After the first night, what is Santiago's attitude towards the large fish in "Old Man and the Sea"?
As well: How is this similar to the attitude he has toward the turtles and the marlins he had caught previously?
After the first night, Santiago's attitude towards the large fish remains full of respect and determination. When the sun shows on the horizon, he says,
"Fish...I love and you and respect you very much. But I will kill you dead before this day ends".
Santiago, in all his dealings with nature, maintains a fine harmonic balance between taking and appreciating life. He knows that, in order to survive, he must catch and kill the creatures of the sea, yet he has a deep respect and love for them as well. Santiago is one with nature, and the wildlife are his brothers. As he expresses when he speaks to the warbler who stops to rest on the stern of his boat, Santiago understands that each creature, man included, must go out "and take (his) chance like any man or bird or fish".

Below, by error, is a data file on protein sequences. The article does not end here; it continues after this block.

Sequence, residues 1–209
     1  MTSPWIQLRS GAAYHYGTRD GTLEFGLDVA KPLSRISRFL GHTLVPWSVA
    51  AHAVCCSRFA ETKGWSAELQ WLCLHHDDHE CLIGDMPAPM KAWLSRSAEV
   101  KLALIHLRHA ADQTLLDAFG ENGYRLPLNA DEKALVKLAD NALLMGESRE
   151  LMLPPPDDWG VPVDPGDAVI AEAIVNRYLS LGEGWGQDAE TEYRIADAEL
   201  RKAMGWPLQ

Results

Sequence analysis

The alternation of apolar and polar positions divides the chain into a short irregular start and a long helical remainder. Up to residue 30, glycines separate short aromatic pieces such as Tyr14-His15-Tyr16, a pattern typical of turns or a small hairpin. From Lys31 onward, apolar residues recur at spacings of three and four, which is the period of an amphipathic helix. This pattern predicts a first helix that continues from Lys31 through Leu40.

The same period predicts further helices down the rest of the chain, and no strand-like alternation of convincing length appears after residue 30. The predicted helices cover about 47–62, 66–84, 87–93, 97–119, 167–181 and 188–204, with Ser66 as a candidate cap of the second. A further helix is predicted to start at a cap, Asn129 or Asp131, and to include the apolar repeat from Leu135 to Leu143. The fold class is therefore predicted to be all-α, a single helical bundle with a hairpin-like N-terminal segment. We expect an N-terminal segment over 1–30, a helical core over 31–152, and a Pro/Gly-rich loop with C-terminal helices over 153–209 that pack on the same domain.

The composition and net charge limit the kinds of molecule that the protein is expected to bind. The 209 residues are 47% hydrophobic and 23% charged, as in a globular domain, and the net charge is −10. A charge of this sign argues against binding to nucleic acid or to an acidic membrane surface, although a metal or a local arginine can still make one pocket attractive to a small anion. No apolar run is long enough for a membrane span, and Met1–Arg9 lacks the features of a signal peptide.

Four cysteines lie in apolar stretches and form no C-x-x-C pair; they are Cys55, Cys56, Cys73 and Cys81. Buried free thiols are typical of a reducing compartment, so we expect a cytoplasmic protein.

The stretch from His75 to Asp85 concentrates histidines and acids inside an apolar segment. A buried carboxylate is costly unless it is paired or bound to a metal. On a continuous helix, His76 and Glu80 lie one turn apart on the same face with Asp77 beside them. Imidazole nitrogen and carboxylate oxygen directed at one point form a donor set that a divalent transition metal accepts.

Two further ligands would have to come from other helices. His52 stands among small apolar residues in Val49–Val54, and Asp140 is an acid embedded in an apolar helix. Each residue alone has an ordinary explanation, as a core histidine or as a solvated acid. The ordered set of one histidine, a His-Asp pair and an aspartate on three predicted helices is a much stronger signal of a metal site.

While doing what he must do to survive, Santiago treats his prey with dignity and compassion, just as he would want to be treated. When he catches the small albacore at the beginning of his fateful voyage, he hits the captured fish on the head "for kindness", so it will not suffer in its dying. He will then use the fish's meat for bait.
Santiago also loves the big sea turtles, and eats their white eggs to "give himself strength". He notes that "most people are heartless about turtles because a turtle's heart will beat for hours after he has been cut up and butchered", but he himself appreciates the turtles because he has "such a heart too and (his) feet and hands are like theirs".